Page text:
This article argues that recent upheavals in Turkey’s domestic and regional dynamics – the transition to a more crisis-ridden foreign policy around 2011 and the breakdown of the “Kurdish Opening” in 2014-2015 – arose not from any fundamental change in strategic vision, but primarily from external developments such as the collapse of central authority in Syria and Iraq. These developments emboldened the PKK and its offshoots to adopt a more intransigent attitude, and prompted Turkey to add a hard power component to its previously soft powerdriven effort to expand its regional sphere of influence.With events unfolding rapidly, however, Turkey’s leadership now confronts some urgent decisions with implications both for its long-standing strategic vision and for the future character of the Turkish state.
In a curious and hitherto largely overlooked episode, the revisionist “neo-Ottomanist” ambitions of King Hussein of Jordan and Turgut Özal of Turkey converged during the 1990s with the interests of an influential group of “neoconservatives” centered in Washington to press for a radical redrawing of the Near Eastern political and territorial map. Due to a combination of material and normative limitations, neither Hussein’s nor Özal’s ambitions materialized, but the common central elements of their visions –a rejection of the nation-state system imposed on the region after the Ottoman Empire’s collapse; the evocation instead of past imperial greatness, updated to reflect contemporary democratic norms; and a style of rule characterized by a cosmopolitan and accommodating realpolitik– constitute an alternative to rival (authoritarian secular-nationalist, liberal, militant Islamist) prescriptions for the region’s future at a time when the erosion of the post-Ottoman status quo continues to accelerate.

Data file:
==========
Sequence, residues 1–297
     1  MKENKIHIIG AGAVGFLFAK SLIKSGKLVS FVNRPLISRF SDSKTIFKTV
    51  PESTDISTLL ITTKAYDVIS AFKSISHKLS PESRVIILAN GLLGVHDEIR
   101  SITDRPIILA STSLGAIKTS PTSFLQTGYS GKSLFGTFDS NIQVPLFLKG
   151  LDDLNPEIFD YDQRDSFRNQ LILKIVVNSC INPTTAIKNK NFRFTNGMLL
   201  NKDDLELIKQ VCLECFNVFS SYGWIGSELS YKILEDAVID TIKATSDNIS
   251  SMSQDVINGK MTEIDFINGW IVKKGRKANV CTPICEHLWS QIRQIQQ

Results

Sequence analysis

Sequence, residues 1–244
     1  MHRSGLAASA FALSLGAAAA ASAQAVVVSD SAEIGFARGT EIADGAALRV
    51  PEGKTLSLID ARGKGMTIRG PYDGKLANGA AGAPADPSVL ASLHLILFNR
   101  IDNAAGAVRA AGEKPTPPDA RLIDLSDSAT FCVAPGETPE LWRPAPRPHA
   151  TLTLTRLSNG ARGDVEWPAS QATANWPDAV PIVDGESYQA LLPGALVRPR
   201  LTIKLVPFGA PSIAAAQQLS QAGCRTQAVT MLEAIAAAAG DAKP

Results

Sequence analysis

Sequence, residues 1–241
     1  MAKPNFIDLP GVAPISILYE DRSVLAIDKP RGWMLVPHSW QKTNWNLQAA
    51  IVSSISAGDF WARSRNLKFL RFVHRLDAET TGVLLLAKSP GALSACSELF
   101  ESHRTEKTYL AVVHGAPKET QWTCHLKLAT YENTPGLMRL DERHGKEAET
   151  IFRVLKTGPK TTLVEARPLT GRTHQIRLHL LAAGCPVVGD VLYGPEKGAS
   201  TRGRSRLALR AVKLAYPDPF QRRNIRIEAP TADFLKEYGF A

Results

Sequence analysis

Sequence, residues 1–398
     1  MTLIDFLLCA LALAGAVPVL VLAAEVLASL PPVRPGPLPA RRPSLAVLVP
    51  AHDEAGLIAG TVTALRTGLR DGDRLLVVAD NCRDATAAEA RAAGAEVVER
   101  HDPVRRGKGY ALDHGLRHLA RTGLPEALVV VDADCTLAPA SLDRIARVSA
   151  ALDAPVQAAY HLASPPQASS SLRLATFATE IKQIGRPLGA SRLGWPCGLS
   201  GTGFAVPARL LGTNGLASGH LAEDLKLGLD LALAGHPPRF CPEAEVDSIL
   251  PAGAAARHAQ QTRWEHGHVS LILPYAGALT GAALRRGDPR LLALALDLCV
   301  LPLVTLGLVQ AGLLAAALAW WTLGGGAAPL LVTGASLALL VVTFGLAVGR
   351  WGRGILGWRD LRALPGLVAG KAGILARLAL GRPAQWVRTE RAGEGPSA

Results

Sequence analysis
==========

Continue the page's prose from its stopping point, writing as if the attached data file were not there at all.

During the first years of its tenure in office, as the AK Party focused on consolidating its position domestically, Turkey’s reengagement with the Arab world after decades of alienation took a largely unproblematic form. Inevitably, however, as Turkish activism deepened, conflicts of interest emerged both with other aspirants to regional influence such as Iran and Israel, and then – especially after the outbreak of the 2011 uprisings – with many Arab regimes as well. The future character of Turkey’s engagement with its Arab neighbors will depend on its ability to combine an adherence to a conception of community based on Islam rather than ethnic nationalism, with a commitment to democratization both at home and regionally.